USA Bid Committee Board of Directors Meet in New York City at Major League Soccer Headquarters
USA Bid Committee Updates Board of Directors on Bid Progress And Preparations For Second Half of the Bid Campaign
Dec. 15, 2009
NEW YORK (Dec. 15, 2009) – The USA Bid Committee to bring the FIFA World Cup™ to the United States in 2018 or 2022 hosted members of its board of directors today for a meeting at Major League Soccer headquarters in New York City.
© U.S. Soccer
U.S. Soccer President Sunil Gulati and USA Bid Committee Executive Director David Downs presided over the meeting to discuss the progress of the campaign and develop plans for the final year leading into the decision by FIFA on the host countries for the two World Cups at stake in December 2010.
“The meeting marks an important milestone for our bid as we now start the second and final stage of our bid campaign,” said Sunil Gulati, the Chairman of the USA Bid Committee and President of U.S. Soccer. “We are honored to have the ongoing support of our Board of Directors and thankful so many could take the time to meet with us today and engage in constructive dialogue about our bid. The diversity and talent gathered both in the room and on the phone will energize us as we move into the next stage of the bid process.”
Members of the board of directors have been contributing to the development of the United States’ bid in an individual ways since the beginning of the process and have been constantly briefed on the progress of the campaign.
Those members in attendance at today’s meeting got to hear first hand the full update from the Bid Committee’s management team. Specifically the board was updated on the final stages of the host city selection and application process. There are currently 27 cities and 32 stadiums under consideration as host venues. In the next weeks, the USA Bid Committee will reduce the list to the maximum of 18 cities that can be included in its formal bid book due to FIFA in May 2010.
Today’s meeting marked the first time during the nine-month process of selecting the board of directors that a majority of the group was able to get together to discuss the direction and targets of the bid.
Participating in the meeting were, in alphabetical order: Drew Carey, Carlos Cordeiro, Dan Flynn, Ed Foster-Simeon, Mia Hamm, Dr. Henry Kissinger, Robert Kraft, Donna Shalala, John Skipper and Joe Uva. Also attending the meeting was Bob Bradley, head coach of the U.S. Men’s National Soccer team, and representatives of the USA Bid Committee.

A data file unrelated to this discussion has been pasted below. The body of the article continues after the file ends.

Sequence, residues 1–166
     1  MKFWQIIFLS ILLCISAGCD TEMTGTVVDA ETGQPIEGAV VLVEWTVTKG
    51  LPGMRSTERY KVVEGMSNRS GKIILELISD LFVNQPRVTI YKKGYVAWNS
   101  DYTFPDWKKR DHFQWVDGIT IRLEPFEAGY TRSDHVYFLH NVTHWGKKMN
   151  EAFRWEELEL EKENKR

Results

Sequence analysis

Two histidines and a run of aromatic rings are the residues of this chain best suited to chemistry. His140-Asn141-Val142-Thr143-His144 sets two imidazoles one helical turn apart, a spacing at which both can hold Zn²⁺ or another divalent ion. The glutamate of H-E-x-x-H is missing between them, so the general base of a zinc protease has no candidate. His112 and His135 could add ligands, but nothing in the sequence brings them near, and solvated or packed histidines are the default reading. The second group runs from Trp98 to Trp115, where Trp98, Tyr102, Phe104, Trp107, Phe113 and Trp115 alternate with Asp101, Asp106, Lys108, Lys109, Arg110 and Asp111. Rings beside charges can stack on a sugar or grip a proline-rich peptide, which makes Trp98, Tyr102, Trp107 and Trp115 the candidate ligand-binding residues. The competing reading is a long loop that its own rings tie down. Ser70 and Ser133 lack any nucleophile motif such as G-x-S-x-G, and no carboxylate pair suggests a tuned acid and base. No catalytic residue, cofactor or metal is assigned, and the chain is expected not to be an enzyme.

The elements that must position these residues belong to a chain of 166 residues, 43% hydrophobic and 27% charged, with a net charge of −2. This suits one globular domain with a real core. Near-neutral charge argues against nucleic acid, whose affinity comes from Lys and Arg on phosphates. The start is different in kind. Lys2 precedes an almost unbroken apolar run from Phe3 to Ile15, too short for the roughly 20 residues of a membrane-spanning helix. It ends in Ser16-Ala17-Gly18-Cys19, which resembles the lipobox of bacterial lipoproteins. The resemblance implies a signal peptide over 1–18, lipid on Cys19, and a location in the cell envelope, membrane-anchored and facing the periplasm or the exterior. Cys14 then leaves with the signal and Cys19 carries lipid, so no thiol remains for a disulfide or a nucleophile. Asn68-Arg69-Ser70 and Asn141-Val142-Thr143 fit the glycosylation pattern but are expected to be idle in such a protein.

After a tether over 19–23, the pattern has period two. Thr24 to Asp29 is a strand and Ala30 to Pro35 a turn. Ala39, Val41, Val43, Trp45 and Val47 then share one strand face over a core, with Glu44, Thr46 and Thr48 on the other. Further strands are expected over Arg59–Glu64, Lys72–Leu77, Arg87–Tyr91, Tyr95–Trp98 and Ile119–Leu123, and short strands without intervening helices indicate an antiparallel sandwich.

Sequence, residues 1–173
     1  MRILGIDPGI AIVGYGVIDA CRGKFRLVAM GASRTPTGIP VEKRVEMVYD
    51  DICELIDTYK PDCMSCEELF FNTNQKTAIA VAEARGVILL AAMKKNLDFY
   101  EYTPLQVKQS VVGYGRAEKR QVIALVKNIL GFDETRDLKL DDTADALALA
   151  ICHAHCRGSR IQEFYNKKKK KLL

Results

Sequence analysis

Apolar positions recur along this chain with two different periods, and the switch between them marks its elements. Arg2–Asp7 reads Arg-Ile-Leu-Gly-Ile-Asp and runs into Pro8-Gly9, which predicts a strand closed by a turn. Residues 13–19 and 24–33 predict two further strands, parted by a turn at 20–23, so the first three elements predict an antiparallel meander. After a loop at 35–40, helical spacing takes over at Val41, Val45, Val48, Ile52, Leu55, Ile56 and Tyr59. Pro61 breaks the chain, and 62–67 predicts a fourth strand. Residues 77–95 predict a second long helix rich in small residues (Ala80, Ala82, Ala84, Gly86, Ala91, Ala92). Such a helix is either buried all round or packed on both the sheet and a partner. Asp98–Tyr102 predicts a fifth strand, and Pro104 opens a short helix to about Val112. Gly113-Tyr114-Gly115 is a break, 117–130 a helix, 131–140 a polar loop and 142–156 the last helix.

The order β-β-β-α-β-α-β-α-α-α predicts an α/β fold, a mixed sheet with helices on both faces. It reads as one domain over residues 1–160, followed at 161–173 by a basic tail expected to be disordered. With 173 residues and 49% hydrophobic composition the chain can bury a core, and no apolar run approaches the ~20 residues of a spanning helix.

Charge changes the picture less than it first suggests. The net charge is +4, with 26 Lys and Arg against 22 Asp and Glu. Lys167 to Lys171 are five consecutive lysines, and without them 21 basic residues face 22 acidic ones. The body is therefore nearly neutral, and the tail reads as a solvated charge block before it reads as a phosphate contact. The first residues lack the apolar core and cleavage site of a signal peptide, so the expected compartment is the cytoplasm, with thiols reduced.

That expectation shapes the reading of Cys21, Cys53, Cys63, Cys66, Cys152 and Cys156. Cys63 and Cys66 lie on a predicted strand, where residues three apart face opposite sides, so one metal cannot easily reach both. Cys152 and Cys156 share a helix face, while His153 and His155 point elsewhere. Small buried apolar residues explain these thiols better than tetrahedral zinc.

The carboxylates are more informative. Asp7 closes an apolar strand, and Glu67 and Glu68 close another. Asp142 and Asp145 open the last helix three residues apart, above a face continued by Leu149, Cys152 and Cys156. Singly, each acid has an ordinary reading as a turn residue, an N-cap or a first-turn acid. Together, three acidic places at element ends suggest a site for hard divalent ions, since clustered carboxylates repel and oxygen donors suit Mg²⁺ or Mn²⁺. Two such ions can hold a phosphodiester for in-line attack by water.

The United States, Australia, England, Indonesia, Japan and Russia have formally declared their desire to host the FIFA World Cup™ in 2018 or 2022. Netherlands-Belgium and Portugal-Spain have each submitted joint bids for the 2018 and 2022 tournaments, while Qatar and South Korea have applied as candidates to play host only to the tournament in 2022.
All candidates must have their bid applications to FIFA by May 14, 2010. FIFA’s 24 member Executive Committee will study the bids, conduct site visits and name the two hosts for the 2018 and 2022 tournaments in December 2010, completing a 21-month bid and review process.
The USA Bid Committee’s efforts have earned the enthusiastic support of President Barack Obama, who in April reached out to FIFA – the world's governing body of soccer – to endorse the goal of bringing the world’s largest sporting event back to the United States. In a letter to FIFA President Joseph “Sepp” Blatter and U.S. Soccer President Sunil Gulati, President Obama noted the role soccer played in his life as a youth, and its ability to unite people, communities and nations from every continent.
On Monday, July 27, Obama and Blatter met at the White House to discuss the U.S. bid and other soccer-related topics. The meeting was marked by Blatter confirming his invitation for President Obama to be his guest at the 2010 World Cup in South Africa. President Obama has expressed his interest in attending the event pending availability on his schedule.
Representatives of the USA Bid Committee joined the delegation from the U.S. Soccer Federation in South Africa for the 2010 FIFA World Cup™ Final Draw on Friday, Dec. 4. One of just seven nations to participate in all six World Cups since 1990, the United States Men’s National Team was placed in Group C with England, Algeria and Slovenia. The first match of the 2010 World Cup for the United States will be against England on June 12 in Rustenburg, South Africa. The United States earned its place among the field of 32 for the 2010 FIFA World Cup™ in South Africa by capturing the top spot in the final round standings in CONCACAF.
The USA Bid Committee recently released a study conducted by an independent consulting firm that estimates a conservative domestic economic impact of five billion dollars if the United States is chosen to host the FIFA World Cup™ in 2018 or 2022. The findings of the study indicate that the total economic impact projected for any one host city ranges from approximately $400 million to $600 million at today’s dollar value. The analysis also estimates that between 65,000 and 100,000 total new jobs would be created in the various host cities during the preparation and operation of the tournament in the year of the event. The study was undertaken by the Economics practice at AECOM, formerly Economics Research Associates (ERA), the world’s leading international sports and entertainment attraction consulting firm.